DSEAR puts a statutory duty on employers to protect their employees from risks to their safety in the workplace, and to members of the public who may be put at risk by work activity.

Detailed guidance is provided on the Health and Safety Executive website.

What are dangerous substances?

Dangerous substances include anything used or present at work that could, if not properly controlled, cause harm to people as a result of a fire, explosion or corrosion of metal. They can be found in nearly all workplaces and include such things as solvents, paints, varnishes, flammable gases, such as liquid petroleum gas (LPG), dust from machining and sanding operations, dust from foodstuffs, pressurised gases and substances corrosive to metal.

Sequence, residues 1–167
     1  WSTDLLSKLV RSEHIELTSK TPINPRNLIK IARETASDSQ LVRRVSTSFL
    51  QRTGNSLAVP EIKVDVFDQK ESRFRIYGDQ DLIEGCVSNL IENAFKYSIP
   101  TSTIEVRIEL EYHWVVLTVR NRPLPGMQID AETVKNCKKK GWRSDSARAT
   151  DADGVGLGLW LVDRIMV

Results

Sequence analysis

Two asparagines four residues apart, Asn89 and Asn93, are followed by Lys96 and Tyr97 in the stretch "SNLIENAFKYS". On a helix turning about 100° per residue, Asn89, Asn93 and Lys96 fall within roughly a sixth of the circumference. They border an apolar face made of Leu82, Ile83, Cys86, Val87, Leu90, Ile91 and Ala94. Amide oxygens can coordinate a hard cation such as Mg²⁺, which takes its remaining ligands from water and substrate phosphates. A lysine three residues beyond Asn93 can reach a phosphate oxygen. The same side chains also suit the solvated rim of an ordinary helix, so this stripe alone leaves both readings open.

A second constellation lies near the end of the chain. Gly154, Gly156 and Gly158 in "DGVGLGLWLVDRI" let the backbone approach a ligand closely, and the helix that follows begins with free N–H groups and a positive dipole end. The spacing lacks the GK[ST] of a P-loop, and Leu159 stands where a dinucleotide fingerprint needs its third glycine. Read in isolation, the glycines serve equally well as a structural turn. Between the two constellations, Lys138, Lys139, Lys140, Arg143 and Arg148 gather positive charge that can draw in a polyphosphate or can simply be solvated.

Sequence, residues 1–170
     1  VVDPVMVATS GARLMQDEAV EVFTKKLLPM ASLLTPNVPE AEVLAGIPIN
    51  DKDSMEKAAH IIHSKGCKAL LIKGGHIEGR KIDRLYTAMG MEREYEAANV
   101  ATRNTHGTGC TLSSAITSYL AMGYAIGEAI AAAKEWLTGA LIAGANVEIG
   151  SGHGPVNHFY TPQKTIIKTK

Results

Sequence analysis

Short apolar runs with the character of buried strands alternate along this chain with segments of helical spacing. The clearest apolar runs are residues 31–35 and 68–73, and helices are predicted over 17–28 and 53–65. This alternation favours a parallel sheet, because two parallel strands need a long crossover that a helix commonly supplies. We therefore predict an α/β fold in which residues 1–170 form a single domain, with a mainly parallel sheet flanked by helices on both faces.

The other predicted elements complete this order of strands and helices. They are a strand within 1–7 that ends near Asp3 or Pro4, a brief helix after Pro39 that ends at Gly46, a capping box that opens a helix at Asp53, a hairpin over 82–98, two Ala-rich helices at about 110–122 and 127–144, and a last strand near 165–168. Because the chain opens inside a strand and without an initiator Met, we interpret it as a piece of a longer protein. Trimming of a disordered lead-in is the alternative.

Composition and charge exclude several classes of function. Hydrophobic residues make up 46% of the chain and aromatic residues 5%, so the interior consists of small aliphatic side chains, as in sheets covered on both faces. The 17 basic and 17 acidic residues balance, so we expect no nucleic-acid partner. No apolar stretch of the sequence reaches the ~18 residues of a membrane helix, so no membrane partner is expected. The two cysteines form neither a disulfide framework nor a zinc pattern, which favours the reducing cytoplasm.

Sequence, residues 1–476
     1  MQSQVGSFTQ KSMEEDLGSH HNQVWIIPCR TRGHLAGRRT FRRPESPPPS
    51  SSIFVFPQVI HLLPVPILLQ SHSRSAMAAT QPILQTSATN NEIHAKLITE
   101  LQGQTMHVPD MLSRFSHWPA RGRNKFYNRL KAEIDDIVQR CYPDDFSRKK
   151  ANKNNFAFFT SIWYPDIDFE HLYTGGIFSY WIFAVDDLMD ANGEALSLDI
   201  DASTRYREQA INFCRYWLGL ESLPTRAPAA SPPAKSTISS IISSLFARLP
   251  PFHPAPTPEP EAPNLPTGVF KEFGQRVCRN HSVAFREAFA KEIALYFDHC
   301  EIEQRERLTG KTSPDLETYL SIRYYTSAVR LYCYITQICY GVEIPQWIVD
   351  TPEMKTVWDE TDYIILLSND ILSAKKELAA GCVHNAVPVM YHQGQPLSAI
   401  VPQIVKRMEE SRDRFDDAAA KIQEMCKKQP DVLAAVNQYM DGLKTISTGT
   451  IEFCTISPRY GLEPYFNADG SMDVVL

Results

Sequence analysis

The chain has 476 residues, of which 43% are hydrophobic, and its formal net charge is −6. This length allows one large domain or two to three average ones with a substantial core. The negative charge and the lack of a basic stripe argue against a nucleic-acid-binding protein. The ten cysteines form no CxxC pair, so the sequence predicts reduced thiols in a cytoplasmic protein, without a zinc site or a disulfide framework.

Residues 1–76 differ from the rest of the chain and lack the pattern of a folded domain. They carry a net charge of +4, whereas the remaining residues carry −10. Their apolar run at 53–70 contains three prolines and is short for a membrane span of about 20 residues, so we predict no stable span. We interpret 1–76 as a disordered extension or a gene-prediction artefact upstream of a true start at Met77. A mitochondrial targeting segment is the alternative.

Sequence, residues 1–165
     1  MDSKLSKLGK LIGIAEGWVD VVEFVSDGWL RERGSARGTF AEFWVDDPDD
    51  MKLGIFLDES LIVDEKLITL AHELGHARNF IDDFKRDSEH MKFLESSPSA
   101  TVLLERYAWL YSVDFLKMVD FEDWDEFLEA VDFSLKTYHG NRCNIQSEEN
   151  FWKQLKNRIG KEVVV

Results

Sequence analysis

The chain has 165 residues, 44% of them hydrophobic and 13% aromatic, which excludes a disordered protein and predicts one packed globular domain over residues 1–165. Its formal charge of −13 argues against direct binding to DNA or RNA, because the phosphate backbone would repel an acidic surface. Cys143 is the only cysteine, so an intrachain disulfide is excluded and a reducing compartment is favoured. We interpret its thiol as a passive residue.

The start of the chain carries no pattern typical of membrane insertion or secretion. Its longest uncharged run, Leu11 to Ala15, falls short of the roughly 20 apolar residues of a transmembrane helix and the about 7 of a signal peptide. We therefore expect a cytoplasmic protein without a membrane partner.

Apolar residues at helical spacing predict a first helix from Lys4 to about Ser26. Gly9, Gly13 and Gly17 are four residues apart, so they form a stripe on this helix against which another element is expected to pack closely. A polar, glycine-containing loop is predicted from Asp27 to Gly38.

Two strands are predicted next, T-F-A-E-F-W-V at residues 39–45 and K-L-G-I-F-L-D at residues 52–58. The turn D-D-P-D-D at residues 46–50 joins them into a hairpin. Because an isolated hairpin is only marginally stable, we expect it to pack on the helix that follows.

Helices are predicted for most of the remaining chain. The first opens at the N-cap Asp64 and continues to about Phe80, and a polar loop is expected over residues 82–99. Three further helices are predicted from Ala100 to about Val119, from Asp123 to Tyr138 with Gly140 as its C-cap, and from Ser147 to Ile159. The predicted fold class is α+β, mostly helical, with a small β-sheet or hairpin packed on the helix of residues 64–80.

Choosing luminaires for hazardous locations

A number of steps are involved in establishing which luminaires are suitable for any given application:

  • Determine the Zone Classification
  • This will inform the choice of Equipment Classification
  • Determine the Temperature Rating that is needed based on the Temperature Classification of the dangerous substances that are present
  • Determine the Protection Concept that is needed

Suitable luminaires can be selected based on these criteria.

Hazardous Areas

It is the employer’s responsibility to determine the classification of the area. Hazardous zones are defined by the duration for which the explosive atmosphere exists.

Gas, vapour and mist

  • Zone 0. The explosive atmosphere is present continuously, or frequently and for long periods.